Discussion in 'MCSD' started by jc, Dec 9, 2007.

  1. jc

    jc Guest

    I just certified brainbench in sql server 2005 programming and
    2.0 Today. An recruiter requested that I take the those two and
    VB.NET. I passed both exams easily just on working knowledge.

    However, looking that the outline for, I think I'm going to be
    in trouble. Seems real heavy in OOP and I anticipate lots things I
    just don't store in my head. When it comes to, i have a huge
    personal library of scripts that seem to cover most everything Ive
    been doing for the last 3 years so I find myself mostly slapping code

    Any suggestions on how might be able to prep for it? Also, FYI, I've
    got zero work on Winforms and Remoting. And I'm pretty sure my style
    of debugging is not textbook. One observation about Certs (and I'm
    also MCAD), If you are a solid developer with numerious application
    developed under your belt in the technology, it's no guarantee you
    will easily certify without hitting the books. However, the mere
    effort to certify after real world experience can be a real eye opener
    to technology you thought you really knew . I am proof you can build
    real great systems by virtue of experimenting and prototyping alone.

    BrainBench gives you 3 minutes a question. Which might not seem like a
    lot, but I can usually find my answer online in 1 minute. Usually you
    can discount multiple wrong answers by searching for them. A few times
    I found the answer with less than 10 seconds to go. I do like the
    brainbench format. Given the items below, where would be a good place
    where I could enter something like "Garbage Collection" and expect to
    see all the critical English that if I were brainbench I would want to
    source my question from. I would imagine MSDN, but many of their
    questions that seem official in nature did not come from those pages.

    Here's the outline:

    Number of questions = 40
    Approximate completion time = 50.0 minutes
    Test Type
    Knowledge and Skills
    Test Outline

    Class Access Modifiers
    Garbage Collection
    Static vs. Instance Members

    Consuming Resources
    COM Interop
    Global Assembly Cache
    Using .NET Components
    Using Web Services
    Windows Native Calls

    Data Access
    ADO Providers
    Data Adapter
    Data Binding Controls
    Data Command
    Data View
    SQL Server Access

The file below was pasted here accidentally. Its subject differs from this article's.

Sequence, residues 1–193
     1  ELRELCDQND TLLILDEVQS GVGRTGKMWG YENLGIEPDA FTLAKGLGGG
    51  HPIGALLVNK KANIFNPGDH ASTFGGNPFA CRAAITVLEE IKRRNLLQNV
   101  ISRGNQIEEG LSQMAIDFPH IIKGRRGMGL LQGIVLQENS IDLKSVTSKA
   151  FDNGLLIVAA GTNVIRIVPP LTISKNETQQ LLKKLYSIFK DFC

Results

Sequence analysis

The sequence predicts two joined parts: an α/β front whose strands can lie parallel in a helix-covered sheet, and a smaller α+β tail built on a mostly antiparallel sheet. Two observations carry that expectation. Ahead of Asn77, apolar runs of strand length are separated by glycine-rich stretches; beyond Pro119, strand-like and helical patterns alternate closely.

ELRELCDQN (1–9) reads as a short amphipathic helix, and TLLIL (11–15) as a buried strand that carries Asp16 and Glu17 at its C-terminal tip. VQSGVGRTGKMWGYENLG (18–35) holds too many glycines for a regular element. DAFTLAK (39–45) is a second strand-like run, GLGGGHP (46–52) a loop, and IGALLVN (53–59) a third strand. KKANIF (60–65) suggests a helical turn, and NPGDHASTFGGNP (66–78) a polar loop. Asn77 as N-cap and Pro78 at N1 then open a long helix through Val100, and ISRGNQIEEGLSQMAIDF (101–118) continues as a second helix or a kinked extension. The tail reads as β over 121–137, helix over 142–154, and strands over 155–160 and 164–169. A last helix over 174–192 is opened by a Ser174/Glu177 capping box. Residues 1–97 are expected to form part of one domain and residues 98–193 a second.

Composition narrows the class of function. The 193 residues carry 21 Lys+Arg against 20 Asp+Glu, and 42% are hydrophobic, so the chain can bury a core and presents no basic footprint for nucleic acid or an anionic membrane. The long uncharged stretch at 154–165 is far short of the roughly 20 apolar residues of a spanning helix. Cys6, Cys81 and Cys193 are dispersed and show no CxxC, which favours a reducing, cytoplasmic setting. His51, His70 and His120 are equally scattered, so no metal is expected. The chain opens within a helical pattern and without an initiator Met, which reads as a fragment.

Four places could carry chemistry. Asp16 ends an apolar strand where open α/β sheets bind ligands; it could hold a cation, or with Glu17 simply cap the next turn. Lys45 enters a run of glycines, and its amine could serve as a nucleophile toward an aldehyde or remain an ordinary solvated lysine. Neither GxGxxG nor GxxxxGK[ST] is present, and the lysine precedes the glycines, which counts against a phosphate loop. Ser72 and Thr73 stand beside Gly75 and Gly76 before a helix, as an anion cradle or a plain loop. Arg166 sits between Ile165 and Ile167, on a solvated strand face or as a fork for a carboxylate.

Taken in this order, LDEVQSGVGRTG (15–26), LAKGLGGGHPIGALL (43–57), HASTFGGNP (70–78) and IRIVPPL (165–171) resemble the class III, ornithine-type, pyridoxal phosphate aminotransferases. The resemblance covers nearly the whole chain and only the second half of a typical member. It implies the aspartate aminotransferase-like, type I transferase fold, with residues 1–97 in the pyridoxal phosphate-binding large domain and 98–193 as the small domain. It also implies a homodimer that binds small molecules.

XML Access

    Command Window
    Configuring Debugging
    Correcting Errors
    Setting Watches

    Distributed Applications
    Asynchronous Calls to Remote Components
    Distributed Deployment Methods

    Language Fundamentals
    Arrays, Collections, and Enumerations
    Error Handling
    Loops and Branching
    Operators and Operator Overloading
    Types and Type Conversion

    Web Forms
    Dynamic Controls
    HTML Controls
    Intrinsic Objects
    Web Controls

    Windows Forms
    Dynamic Controls

    Thanks for any help or information.
    jc, Dec 9, 2007
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  2. jc

    FrisbeeĀ® Guest

    This is the reason nobody gives brainbench any creedance whatsoever. I used
    to be a brainbench promoter, too. I had well over 100 BB certs, but the
    fact that the exams are not proctored makes them useless to employers,
    unless they actually watch you take the exam. You're not supposed to be
    googling the answers...

    Were I you, used the BB certs for fun and practise. Do not mention them to
    potential employers or you might get laughed out of the interview.
    FrisbeeĀ®, Dec 10, 2007
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  3. jc

    jc Guest

    BrainBench gives you 3 minutes a question. Which might not seem like a
    Actually I beg to differ a little bit here.

    That you are able to find your answer online is much more real-world.
    Personally I have no memory and any I've got left I'm saving for
    important stuff.. like where Ieft my keys, or my ssn.

    I do agree that Cert exams don't always predict the quality of an IT
    professional, but when used in conjunction with other factors might
    help weed out a given percentage of losers.

    I use to work with a Sr level guy that did all the technical
    interviews. On purpose his questions were never be tough, in fact they
    were often very simply and basic. His tougher questions were more
    about high level concepts to help expose real experience and not any
    specific details... you know questions like.. What is the .NET
    framework? or Explain DB Normalization.. I would always get a chuckle
    when he would ask a person applying for a senior position a question
    like, name 10 keywords in your language of choice and the person could
    not do effectively answer it... interview over. I made a grown man cry
    Today he would say.
    jc, Dec 10, 2007
  4. At that point, he should go make whoever did the phone screen go cry. What